True, factory inspectors do harass the manufacturing units for bribe on the pretext of violation of labour law. But can the country really do without factory inspectors? Some facts do justify intensive factory inspection.
Experience with sponge iron and ferroalloy factories in West Bengal and Chattisgarh deserve attention. These small or medium scale factories are spreading air pollution both inside and outside the factories. Moreover, working conditions therein are extremely oppressive. Carbon dioxide and carbon monoxide emission is severe in these units. Workers work near the furnace without the protective gears and get polluted with emission. In 2004 two workers, who were sleeping at the back of a furnace in a ferroalloy factory in Raniganj area, were suffocated to death following carbon monoxide poisoning. But the unit is still functioning the same way. The workers therein handle molten metals with simple iron ladles without gloves. Wage rates are also very poor. Sponge iron firms, which emit carbon dioxide, are equally culpable. None of these factories installed pollution control device owing to prohibitive cost, as the owners say. Don't these facts attract inspection, albeit by honest ones?
Moreover, small and medium firms are constrained to go online, lacking interest in modern information technology and expertise. Even if they did go online, would sponge iron and ferroalloy factories furnish data on poor environment and labour standard therein? It is an emphatic no. The state administration reportedly not very long ago fined the erring firms lakhs of rupees. They paid the fine, but ran their business without installing pollution control devices exposing the workers to high risk of health hazards inside the factories, leave alone air pollution outside.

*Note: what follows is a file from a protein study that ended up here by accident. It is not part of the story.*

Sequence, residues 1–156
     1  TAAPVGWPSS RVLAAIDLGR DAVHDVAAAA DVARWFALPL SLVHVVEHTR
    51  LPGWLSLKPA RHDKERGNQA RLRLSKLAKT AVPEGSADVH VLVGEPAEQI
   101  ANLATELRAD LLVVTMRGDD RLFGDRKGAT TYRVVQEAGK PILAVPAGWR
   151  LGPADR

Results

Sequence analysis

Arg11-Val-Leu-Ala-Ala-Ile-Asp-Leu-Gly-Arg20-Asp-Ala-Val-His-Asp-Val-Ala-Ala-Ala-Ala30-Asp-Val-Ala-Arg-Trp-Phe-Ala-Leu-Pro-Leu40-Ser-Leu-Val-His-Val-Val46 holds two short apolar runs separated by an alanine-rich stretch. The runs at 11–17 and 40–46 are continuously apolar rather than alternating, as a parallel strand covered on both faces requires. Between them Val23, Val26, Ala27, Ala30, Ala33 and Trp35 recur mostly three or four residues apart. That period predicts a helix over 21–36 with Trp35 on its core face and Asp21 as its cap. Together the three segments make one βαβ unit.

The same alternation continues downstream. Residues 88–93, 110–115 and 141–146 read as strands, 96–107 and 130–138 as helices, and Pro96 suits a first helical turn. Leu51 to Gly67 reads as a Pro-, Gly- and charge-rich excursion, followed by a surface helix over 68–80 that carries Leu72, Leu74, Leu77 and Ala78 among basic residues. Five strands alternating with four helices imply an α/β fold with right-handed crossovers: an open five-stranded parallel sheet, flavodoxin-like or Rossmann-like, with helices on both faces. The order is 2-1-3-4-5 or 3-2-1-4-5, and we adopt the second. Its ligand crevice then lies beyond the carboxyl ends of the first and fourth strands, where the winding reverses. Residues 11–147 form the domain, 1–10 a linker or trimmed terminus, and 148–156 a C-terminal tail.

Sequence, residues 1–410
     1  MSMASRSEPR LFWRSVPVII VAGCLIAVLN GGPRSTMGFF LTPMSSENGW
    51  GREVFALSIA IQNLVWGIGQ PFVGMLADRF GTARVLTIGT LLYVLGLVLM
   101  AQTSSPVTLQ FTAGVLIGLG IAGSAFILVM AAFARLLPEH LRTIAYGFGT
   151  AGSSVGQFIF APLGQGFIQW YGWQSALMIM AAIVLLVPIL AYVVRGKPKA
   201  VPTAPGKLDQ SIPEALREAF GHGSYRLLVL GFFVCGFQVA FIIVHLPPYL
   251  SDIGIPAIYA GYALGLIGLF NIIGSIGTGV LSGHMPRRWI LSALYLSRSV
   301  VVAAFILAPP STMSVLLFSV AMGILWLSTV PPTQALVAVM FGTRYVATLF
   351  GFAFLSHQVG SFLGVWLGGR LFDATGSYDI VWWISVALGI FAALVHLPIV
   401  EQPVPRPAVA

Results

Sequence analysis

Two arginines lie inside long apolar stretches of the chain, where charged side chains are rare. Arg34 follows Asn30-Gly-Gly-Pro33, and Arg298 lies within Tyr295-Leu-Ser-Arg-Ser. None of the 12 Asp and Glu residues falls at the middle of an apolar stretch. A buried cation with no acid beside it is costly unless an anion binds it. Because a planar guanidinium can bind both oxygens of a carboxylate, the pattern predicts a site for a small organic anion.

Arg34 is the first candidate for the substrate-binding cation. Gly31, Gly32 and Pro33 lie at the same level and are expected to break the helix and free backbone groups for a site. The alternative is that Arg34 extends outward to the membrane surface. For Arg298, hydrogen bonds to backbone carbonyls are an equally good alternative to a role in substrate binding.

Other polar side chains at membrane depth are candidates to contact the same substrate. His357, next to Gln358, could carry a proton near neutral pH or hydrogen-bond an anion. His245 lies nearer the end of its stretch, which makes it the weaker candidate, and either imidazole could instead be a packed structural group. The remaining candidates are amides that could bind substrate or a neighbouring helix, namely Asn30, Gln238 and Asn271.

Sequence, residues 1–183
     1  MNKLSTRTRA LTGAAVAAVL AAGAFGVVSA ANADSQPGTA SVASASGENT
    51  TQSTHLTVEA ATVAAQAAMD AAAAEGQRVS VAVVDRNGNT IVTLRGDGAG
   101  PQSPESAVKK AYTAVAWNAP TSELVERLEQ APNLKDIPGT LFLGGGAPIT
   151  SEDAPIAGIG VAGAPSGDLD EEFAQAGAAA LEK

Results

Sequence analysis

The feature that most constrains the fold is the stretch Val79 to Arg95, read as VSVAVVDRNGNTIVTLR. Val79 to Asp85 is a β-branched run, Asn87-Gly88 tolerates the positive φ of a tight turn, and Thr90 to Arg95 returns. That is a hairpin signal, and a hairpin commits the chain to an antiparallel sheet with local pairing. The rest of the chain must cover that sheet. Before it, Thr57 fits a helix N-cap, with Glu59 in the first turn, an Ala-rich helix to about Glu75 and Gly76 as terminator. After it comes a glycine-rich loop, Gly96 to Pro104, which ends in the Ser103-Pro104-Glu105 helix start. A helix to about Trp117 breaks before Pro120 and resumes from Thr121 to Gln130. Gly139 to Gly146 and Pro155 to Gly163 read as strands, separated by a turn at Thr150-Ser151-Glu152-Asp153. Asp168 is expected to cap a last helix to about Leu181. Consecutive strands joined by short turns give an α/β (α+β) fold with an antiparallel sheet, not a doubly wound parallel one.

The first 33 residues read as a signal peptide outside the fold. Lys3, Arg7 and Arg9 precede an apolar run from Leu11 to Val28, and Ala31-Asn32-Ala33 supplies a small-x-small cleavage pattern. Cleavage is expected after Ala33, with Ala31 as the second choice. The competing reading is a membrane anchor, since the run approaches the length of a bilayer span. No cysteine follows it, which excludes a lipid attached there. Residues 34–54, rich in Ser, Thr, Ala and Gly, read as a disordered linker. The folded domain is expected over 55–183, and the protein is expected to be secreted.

Large industrial units may furnish online information on compliance of labour law, as they are technology savvy. Even then could one trust their voluntary information, despite self certification? Did people know before the Bhopal Gas tragedy what Union Carbide was doing inside its laboratory? Had the inspection been done carbide victims might know the risk involved in the research with methyl isocyanides that leaked one night and wreaked havoc in Bhopal. One also did not know much about dehumanising working conditions in Maruti's Manesar plant until the labour trouble broke out. All this happened despite the existence of the "inspector raj". Such being the human experience despite inspection of factories, what do ordinary people gain by officially allowing the firms to get away with misinformation or disinforma-tion, facilitated by self certified online data? Certainly Modi is not really looking at labour policy from the point of view of workers. Instead he is seeking to be more lenient on industrialists. His head is filled more with growth phenomenon than working conditions in factories, though he pretends to favour "shram yogis".
Vol. 47, No. 23, Dec 14 - 20, 2014